- Mobile payments are more popular in emerging economies than in developed markets, where they face greater consumer resistance, according to a study by researcher Kantar TNS cited by eMarketer. The only two countries where a majority of people preferred mobile payments to other methods were China (64%) and Mongolia (63%).
- Forty-five percent of internet users in markets classified as "emerging" preferred mobile payments, compared with the 23% average for developed countries. The preference rate was highest in the "emerging Asia" region at 48%. Worldwide, just 39% of respondents preferred the use of mobile payments, according to the survey of internet users in 56 countries.
- A minority of internet users in the U.S., U.K., Canada, France and Germany said they prefer mobile payments, while 54% of Americans explicitly said they don't prefer the method.
Developed economies have invested significant capital over several decades in the infrastructure that makes credit and debit card purchases easy for consumers, while emerging economies can leapfrog those legacy technologies and embrace the latest and greatest mobile tech to go cashless. Mobile payments are most likely to become more popular in Western markets as younger generations who have grown up using smartphones see electronic wallets and financial apps as more convenient than lugging around cash and multiple plastic cards.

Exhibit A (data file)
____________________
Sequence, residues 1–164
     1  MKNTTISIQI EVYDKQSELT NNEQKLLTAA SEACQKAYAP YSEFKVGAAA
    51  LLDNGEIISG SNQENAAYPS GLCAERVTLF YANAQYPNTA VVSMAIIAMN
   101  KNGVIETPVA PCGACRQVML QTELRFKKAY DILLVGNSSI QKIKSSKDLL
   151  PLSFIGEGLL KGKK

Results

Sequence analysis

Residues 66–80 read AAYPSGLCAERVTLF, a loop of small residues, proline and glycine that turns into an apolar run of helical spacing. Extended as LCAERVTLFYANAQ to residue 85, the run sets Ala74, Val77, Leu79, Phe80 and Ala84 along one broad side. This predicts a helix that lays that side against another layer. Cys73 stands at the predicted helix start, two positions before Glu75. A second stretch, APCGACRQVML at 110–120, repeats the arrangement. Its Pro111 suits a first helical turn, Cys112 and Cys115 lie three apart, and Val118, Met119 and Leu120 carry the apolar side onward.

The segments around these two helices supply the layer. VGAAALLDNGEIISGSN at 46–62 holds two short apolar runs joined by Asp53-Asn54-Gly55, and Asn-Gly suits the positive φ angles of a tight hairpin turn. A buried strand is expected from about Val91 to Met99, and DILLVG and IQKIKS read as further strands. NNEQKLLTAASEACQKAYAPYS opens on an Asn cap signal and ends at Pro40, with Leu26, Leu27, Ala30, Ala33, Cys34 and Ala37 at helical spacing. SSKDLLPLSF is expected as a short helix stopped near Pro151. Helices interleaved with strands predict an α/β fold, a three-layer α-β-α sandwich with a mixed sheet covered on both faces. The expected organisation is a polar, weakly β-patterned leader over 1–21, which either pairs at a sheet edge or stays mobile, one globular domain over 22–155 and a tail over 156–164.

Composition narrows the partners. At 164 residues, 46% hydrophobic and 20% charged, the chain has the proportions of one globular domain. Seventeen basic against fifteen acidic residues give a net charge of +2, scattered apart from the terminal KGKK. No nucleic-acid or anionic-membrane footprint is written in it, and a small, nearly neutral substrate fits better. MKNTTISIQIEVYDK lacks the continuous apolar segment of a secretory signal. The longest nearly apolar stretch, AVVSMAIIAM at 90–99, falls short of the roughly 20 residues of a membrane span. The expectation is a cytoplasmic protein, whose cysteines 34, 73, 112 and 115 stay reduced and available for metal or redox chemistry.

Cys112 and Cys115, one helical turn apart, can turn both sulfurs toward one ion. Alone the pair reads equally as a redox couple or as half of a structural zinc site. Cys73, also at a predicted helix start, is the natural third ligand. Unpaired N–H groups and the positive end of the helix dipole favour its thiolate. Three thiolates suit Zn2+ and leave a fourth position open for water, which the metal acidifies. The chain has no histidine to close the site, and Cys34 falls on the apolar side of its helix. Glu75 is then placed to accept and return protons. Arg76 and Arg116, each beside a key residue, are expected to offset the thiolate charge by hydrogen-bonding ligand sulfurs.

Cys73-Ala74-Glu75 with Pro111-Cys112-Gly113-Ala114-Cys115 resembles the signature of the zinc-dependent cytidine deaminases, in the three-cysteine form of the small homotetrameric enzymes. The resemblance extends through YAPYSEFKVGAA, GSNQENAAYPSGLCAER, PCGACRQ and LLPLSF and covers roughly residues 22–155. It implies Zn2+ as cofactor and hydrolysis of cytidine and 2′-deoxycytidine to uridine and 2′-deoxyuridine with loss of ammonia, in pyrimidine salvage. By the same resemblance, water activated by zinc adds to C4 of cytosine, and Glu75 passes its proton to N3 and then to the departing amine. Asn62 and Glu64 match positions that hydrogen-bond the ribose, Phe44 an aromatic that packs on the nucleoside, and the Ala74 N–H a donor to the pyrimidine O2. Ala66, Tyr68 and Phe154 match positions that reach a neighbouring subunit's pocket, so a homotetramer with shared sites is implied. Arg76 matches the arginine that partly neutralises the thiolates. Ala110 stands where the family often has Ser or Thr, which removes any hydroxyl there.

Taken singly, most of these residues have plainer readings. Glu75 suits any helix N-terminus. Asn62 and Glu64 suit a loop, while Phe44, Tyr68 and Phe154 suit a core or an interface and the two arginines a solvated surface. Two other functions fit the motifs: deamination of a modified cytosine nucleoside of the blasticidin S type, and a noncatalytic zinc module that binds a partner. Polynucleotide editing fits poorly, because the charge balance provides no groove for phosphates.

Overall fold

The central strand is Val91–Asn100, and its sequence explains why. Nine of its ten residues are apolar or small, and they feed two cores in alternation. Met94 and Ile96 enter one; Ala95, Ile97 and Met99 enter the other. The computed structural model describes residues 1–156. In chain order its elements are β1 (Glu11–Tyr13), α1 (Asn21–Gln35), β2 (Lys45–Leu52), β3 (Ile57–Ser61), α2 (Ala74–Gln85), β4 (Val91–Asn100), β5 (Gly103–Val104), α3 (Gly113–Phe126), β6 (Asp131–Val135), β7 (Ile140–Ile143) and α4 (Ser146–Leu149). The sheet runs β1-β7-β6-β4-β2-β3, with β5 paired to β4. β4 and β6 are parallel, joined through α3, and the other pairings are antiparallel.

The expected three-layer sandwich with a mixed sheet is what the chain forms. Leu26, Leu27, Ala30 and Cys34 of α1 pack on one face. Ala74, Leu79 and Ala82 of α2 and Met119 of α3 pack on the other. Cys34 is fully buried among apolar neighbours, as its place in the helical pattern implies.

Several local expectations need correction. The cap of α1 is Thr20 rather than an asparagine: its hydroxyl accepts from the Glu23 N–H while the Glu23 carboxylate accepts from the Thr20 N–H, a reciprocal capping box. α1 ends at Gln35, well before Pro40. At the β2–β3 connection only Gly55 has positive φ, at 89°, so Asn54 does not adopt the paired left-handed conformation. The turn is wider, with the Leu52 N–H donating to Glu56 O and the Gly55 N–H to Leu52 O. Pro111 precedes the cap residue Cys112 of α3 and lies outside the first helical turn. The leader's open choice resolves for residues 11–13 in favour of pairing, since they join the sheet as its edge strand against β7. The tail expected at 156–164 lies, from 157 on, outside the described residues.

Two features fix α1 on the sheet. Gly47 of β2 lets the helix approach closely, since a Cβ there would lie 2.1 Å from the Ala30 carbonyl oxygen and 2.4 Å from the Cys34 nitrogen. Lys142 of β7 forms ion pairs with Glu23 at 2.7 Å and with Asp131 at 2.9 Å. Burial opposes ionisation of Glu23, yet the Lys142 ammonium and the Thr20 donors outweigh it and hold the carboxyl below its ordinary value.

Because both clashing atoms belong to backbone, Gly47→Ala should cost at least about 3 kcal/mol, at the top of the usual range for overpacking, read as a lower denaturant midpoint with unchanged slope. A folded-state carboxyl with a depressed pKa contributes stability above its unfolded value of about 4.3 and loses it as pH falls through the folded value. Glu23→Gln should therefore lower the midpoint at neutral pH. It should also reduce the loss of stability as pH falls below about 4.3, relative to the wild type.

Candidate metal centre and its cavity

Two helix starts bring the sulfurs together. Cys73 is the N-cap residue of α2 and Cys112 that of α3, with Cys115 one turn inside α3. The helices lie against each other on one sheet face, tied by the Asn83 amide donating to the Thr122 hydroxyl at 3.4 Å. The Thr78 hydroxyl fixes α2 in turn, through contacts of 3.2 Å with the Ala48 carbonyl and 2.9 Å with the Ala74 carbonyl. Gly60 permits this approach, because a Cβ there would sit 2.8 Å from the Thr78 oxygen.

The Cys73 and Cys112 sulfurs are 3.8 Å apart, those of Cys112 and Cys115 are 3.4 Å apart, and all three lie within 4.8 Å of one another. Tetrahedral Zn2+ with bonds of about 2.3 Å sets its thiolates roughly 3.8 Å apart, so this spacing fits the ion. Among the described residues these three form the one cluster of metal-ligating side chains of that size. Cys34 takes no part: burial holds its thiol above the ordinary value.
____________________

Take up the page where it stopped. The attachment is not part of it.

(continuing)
At the same time, several factors have stymied adoption of mobile payments in Western markets, including a lack of awareness and concerns about data security. A gap in knowledge of the tech was the primary reason mobile users in Canada, the U.K. and U.S. don't use a mobile wallet, according to a June 2017 survey by Paysafe cited by eMarketer. American mobile consumers said the key obstacles to adoption in the country included "concerns about security and a lack of understanding of [mobile payments'] potential benefits," consulting firm Deloitte found in a November survey.
China is somewhat of an outlier with urban centers that have embraced mobile platforms to replace cash for almost every kind of payment. China has a relatively low rate of credit card adoption, which has given digital services like WeChat Pay an open field to spread quickly. About 78% of smartphone users in China will use proximity mobile payments in 2018, compared with just 25% of smartphone users in the U.S., eMarketer estimates. About 75% of WeChat Pay users rely on cash when it's the only form of payment, according to a June 2017 survey by Tencent Research Institute.